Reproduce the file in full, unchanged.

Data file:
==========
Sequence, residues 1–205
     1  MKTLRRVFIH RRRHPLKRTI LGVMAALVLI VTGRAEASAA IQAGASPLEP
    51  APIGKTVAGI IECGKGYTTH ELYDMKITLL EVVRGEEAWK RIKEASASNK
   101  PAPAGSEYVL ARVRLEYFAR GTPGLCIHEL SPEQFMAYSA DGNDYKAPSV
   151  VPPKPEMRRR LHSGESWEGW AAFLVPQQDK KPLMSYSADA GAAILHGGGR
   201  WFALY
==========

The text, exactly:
Sequence, residues 1–205
     1  MKTLRRVFIH RRRHPLKRTI LGVMAALVLI VTGRAEASAA IQAGASPLEP
    51  APIGKTVAGI IECGKGYTTH ELYDMKITLL EVVRGEEAWK RIKEASASNK
   101  PAPAGSEYVL ARVRLEYFAR GTPGLCIHEL SPEQFMAYSA DGNDYKAPSV
   151  VPPKPEMRRR LHSGESWEGW AAFLVPQQDK KPLMSYSADA GAAILHGGGR
   201  WFALY